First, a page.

An interesting article from the Guardian UK that shows the trail of how the WikiLeak organization first brought video, earlier this year of a US Apache Helicopter attack, to the public's attention, releasing it showing the death of a Reuters photographer and his driver as well as other civilians.
The video had it impact but WikiLeaks had no credibility as an organization. Its recent release of what are being called the Afghanistan war logs to overseas newspapers made it impossible for the US government to stop publication of these top secret documents.
There is a give and a take among its members within this organization at present that sprouts from hacker traditions and experiences. Julian Assange has published free software for the web, some of which and its encryptions can be used to protect whistle blowers.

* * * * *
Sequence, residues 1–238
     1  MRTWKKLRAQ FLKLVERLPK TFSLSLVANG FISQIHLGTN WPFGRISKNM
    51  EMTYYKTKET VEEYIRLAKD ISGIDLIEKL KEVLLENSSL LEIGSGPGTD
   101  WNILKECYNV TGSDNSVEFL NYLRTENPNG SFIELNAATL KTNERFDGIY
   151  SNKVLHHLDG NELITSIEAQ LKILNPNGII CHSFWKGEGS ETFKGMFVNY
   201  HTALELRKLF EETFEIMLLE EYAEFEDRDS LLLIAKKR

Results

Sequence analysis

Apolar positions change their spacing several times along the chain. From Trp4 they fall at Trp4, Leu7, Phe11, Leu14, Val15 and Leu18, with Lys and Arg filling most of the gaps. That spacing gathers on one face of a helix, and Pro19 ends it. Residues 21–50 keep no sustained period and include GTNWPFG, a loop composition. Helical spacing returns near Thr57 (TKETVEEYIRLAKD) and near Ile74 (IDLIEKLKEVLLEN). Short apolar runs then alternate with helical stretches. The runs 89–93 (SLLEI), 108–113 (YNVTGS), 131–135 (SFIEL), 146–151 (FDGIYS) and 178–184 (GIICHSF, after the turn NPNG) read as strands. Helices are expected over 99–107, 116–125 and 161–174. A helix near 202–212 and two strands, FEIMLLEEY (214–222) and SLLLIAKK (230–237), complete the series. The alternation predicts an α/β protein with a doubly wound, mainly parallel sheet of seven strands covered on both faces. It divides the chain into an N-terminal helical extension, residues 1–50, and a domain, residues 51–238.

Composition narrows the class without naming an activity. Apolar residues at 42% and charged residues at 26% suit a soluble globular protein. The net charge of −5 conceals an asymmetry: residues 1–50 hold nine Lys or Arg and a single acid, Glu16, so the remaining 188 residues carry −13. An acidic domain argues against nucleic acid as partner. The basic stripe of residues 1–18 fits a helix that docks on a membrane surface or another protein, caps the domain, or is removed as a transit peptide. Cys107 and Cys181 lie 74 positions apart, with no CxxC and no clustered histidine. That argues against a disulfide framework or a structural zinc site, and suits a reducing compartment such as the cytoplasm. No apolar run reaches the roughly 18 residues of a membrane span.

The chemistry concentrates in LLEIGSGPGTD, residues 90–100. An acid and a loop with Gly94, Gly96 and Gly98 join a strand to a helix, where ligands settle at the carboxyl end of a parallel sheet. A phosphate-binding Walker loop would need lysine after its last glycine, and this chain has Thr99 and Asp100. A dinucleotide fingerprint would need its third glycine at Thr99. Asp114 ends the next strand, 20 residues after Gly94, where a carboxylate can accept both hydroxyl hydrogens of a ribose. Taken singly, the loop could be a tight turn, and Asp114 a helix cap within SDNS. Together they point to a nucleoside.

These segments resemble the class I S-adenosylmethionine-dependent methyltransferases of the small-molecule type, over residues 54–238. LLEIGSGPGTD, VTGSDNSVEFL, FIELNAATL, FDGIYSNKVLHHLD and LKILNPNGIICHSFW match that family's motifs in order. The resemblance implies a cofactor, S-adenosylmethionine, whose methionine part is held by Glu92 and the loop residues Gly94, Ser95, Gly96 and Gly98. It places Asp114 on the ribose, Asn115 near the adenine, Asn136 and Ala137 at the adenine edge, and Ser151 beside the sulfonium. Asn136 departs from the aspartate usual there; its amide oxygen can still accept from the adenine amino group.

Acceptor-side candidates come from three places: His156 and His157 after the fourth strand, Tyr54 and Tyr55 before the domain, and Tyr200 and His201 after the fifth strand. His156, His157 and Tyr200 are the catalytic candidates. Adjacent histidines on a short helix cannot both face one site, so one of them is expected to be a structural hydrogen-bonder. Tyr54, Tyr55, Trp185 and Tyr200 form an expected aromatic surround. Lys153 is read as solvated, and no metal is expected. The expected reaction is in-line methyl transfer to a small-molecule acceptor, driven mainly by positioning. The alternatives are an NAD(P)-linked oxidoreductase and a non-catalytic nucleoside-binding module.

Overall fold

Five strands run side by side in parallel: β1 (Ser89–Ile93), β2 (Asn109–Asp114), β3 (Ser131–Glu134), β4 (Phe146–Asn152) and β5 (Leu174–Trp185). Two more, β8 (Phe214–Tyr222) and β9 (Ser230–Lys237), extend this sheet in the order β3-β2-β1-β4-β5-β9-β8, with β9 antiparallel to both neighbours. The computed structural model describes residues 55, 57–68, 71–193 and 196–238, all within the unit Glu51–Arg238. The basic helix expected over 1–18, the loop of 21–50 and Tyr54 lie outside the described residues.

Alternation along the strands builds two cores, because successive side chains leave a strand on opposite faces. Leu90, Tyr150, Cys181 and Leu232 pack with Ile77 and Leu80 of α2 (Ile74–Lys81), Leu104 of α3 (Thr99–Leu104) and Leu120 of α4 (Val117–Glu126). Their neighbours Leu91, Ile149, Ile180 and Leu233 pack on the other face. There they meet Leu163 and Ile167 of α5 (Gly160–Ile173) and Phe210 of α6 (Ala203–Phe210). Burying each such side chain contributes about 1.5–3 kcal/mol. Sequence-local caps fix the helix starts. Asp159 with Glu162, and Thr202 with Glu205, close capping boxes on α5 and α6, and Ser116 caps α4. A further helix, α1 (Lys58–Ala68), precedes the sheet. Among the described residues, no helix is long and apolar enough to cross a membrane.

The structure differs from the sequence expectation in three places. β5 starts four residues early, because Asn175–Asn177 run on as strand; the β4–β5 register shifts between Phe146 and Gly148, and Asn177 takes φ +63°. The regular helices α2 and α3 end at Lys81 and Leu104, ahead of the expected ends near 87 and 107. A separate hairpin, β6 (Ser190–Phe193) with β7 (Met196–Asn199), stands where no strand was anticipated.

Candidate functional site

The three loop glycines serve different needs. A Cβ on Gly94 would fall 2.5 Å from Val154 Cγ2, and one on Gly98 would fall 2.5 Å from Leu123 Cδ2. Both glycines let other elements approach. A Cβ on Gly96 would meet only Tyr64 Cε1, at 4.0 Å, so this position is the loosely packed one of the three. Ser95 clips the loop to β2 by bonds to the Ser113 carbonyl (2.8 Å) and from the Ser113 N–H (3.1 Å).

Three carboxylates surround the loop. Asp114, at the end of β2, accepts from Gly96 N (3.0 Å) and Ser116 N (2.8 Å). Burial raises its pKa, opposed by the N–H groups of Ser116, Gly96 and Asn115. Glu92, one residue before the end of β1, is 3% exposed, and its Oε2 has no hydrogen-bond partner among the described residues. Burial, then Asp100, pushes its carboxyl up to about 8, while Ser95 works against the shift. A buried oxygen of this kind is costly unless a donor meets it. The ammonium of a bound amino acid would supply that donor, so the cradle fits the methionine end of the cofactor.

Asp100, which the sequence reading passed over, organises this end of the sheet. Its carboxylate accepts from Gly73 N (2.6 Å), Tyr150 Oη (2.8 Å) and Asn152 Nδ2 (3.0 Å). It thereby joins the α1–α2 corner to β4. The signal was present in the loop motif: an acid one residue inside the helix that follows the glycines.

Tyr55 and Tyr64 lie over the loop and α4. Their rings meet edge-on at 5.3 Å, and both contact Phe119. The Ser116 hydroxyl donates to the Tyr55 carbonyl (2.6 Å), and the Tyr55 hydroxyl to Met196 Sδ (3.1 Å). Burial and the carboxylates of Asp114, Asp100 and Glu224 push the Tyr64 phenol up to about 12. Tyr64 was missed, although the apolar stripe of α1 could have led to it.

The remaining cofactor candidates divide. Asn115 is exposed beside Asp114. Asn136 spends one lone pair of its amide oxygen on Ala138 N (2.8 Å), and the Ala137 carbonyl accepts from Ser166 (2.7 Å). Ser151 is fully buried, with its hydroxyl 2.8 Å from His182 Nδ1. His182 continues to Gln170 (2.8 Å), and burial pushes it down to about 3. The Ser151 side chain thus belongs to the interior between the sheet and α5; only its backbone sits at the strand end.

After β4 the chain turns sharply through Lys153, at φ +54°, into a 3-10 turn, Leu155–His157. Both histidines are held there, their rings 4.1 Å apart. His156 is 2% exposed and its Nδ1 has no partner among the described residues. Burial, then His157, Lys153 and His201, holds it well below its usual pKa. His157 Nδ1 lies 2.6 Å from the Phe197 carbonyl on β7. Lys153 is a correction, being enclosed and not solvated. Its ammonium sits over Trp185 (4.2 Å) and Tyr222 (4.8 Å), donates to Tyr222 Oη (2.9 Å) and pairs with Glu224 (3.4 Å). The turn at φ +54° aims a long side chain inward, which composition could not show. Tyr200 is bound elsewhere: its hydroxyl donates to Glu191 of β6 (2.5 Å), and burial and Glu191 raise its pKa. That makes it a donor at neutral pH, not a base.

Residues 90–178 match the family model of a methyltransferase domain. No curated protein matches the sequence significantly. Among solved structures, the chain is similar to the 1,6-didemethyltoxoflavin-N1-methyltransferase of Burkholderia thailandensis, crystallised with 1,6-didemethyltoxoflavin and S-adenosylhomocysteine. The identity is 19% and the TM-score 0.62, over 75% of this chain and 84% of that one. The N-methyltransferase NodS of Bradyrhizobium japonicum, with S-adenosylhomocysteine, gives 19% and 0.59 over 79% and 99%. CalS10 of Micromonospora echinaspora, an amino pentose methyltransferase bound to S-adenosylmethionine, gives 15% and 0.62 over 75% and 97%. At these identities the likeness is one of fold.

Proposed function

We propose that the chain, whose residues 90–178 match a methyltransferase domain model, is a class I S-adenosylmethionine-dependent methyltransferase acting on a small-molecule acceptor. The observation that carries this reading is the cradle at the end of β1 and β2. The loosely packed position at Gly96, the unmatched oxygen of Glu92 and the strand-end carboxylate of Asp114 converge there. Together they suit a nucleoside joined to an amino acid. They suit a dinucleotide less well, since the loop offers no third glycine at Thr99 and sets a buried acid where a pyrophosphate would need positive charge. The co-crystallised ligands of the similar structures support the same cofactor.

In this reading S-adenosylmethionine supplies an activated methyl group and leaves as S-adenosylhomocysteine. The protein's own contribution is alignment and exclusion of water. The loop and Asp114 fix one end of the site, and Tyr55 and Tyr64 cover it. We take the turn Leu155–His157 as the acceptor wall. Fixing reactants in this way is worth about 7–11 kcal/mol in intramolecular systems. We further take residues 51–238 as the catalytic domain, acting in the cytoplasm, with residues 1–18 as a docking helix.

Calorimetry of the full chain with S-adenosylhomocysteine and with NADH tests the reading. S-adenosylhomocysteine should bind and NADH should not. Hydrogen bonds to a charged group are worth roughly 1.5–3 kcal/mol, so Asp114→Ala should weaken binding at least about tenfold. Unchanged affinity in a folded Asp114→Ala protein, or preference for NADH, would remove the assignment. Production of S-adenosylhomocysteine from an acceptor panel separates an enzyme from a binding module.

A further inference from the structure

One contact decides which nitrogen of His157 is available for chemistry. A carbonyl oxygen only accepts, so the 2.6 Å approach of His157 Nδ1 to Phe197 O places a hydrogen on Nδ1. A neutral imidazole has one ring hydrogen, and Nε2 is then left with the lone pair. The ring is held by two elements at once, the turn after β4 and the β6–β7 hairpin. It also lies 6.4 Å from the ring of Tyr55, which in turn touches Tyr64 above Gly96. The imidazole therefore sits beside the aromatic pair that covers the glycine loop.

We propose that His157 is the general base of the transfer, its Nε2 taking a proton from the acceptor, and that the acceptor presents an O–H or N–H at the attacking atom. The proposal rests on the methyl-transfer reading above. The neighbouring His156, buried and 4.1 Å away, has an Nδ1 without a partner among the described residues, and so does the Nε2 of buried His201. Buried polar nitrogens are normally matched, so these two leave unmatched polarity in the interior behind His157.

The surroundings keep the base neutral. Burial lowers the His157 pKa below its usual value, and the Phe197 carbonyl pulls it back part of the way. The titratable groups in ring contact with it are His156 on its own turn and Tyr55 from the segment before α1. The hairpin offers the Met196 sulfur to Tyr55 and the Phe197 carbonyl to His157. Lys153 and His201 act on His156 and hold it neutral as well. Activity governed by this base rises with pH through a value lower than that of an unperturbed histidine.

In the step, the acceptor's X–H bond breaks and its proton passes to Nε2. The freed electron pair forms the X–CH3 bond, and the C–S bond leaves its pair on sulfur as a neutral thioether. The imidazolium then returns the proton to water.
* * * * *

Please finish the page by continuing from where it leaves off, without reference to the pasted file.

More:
Why WikiLeaks turned to the press
Around the time that the video was released, hubris among the WikiLeakers was thick. In the New Yorker piece, we hear from a friend and supporter of Assange's, a Dutch hacker named Rop Gonggrijp, who smugly says that "we are not the press" and "the source is no longer dependent on finding a journalist who may or may not do something good with his document".WikiLeaks is stateless (sounds very global) and suddenly a household word and concept. How long before it conforms to acceptable journalistic standards in its quest to make an impact on the modern mind and media? Being stateless at the moment has what impact on imitators down the road? Will these imitators be for the good or bad? Who is to say.